• As part of a “spectral” scheme where the notes are not tuned according to equal [keyboard] temperment, but according to the intonation of upper partials of a given overtone sequence. This is related to just intonation (and again David Doty’s book explains this wonderfully), however in a “just”intonation environment there may be a tonality implied, whereas in “spectral” music a tonality is rarely implied (although there may be a tonal center). Here is an example of how the overtone sequence on our low C is naturally (purely) tuned. The deviation from equal temperment is measured in cents. (Cents are measured by dividing an equal tempered half tone into 100 units. These are marked on most tuners to indicate the degree to which one is sharp or flat.)
◦ 1st harmonic (fundamental): C (no change)
◦ 2nd harmonic C (no change)
◦ 3rd harmonic G: (2 cents sharp)
◦ 4th harmonic C: (no change)
◦ 5th harmonic E: (14 cents flat)
◦ 6th harmonic G: (2 cents sharp)
◦ 7th harmonic Bb (31 cents flat)
◦ 8th harmonic C (no change)
◦ 9th harmonic D (4 cents sharp)
For the deviation up to the 31st harmonic, see Wikipedia’s entry on the Harmonic Spectrum.
For tips on how to get these partials in tune without having to resort to watching the cent meter on your tuner (i.e. by ear) read my entry on spectralism.

• Sometimes a composer may invent a tuning system, then it is up to you to determine: a) why/how the composer uses microtones and b) how you should approach them. These questions will help to determine whether or not the composer has included microtones as special “effect”; i.e., should the “de-tuned” notes be given special colors to contrast the “normal” notes, or does the composer want consistency of timbre? This is an important factor in determining fingering (if not already prescribed by the composer).

Once the interpretive questions have been addressed, there comes the time to actually play them. There are several fingering charts available such as Matts Möller’s quarter-tone chart. They are good resources but think of them as starting points. My personal advice is to know as many fingerings as possible for a particular note. Be flexible in the choice of fingering because there are several factors to consider when making your choice:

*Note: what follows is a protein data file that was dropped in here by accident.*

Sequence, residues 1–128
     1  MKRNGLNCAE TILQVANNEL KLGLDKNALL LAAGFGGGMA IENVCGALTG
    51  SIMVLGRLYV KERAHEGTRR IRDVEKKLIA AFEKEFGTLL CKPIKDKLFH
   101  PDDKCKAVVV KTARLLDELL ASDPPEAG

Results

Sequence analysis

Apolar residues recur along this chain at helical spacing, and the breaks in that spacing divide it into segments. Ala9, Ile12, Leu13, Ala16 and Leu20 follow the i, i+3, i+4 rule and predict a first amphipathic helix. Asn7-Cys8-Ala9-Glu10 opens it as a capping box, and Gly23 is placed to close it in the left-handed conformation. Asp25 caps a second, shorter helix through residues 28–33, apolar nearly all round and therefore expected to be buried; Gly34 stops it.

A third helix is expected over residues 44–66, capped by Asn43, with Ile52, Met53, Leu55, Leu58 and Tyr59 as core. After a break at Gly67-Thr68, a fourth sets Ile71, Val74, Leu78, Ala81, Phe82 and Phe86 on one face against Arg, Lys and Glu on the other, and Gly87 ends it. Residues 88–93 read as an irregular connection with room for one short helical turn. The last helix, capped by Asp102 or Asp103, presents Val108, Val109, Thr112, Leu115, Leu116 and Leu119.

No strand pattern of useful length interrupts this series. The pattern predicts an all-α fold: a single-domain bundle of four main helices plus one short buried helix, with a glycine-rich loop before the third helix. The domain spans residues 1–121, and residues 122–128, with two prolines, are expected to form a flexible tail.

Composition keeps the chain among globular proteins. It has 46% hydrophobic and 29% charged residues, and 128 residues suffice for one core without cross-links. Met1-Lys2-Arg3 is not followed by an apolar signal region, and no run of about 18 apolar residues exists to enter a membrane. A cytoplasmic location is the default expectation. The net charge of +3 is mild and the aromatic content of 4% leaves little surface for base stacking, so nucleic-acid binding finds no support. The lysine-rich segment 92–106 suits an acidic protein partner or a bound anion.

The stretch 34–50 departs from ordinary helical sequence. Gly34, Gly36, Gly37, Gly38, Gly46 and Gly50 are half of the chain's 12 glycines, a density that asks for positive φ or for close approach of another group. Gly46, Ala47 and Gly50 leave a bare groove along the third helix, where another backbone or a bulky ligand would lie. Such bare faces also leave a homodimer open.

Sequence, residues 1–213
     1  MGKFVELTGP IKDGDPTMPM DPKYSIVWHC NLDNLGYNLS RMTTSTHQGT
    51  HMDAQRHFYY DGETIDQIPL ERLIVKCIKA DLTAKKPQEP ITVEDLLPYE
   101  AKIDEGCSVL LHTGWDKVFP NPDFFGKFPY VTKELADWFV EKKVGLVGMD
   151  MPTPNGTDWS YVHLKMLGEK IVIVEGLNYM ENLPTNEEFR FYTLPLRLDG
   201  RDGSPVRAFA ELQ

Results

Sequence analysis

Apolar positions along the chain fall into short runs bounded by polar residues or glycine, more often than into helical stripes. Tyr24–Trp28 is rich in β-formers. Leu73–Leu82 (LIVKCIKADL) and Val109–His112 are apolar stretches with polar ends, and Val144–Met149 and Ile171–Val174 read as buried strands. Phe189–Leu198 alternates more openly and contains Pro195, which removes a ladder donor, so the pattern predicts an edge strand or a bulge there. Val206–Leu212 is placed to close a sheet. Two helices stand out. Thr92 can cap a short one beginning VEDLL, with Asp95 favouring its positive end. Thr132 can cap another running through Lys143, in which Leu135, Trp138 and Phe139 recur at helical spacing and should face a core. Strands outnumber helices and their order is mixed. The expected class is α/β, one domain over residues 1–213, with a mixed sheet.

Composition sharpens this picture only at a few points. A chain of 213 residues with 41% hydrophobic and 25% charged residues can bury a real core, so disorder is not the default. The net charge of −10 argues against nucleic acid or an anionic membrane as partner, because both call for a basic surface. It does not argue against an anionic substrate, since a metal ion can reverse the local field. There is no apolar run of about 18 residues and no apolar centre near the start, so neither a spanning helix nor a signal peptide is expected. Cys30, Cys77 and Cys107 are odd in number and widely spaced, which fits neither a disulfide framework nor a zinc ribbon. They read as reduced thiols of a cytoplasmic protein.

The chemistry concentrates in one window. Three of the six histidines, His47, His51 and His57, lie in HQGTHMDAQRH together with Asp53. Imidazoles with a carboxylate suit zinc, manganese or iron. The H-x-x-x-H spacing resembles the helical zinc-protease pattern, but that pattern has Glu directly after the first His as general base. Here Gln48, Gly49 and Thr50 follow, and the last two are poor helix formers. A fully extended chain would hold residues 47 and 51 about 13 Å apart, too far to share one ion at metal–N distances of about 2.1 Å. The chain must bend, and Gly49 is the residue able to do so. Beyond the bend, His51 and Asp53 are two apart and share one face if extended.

• the speed of the gesture
• the intervallic relationship to its neighboring notes
• the dynamic and tone color
Although each of these is an important consideration, it is crucial to know your end tempo and always have it in mind. I have made the mistake of carefully going through a score and writing in all the “correct” fingerings for microtones, only to have to change them later as I got the piece up to tempo. Practice the notes in tempo, if only two or three at a time to get a feel for this.

Sometimes the solution can be simpler than you think. Turning the flute in or out to “de-tune” a note can work just as well as a really complicated fingering. For example: on a standard flute there is no stable fingering for F 3/4 sharp. If you need a loud, stable tone just play F# and lip up. If you need a quiet clear tone, finger G and lip down. (Of course if you want that hollow, bamboo sound, use low B and half hole the F-key [index finger right hand].)

A note on different flute models: I play on a quarter-tone Kingma System (produced by Osten-Brannen). This is a really great system, and I can recommend it for anyone who wants to play a lot of contemporary music. These flutes are also suitable for all repertoire. However, every flute has the capacity to play microtonally (as we all know, sometimes inadvertently!). Please don’t be discouraged from playing the modern repertoire if you have a standard flute, even if you only have a student model with closed holes. There is still repertoire that can be played on student models such as the flute solos by Karlheinz Stockhausen. See my repertoire list for more suggestions.


Intonation IV: Our Partner in Crime

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By Partner in Crime I mean our most common collaborator in the traditional repertoire: the piano (or harpsichord). Here is some information I’ve gleaned from reading Fundamentals of Musical Acoustics by Arthur H. Benade (standing left in photo, playing homemade flute). To know the acoustical properties of the piano is to be able to deal with its intonational quirks. The burden of this lies with us, the flutists. The piano is not able to adjust to our intonational quirks.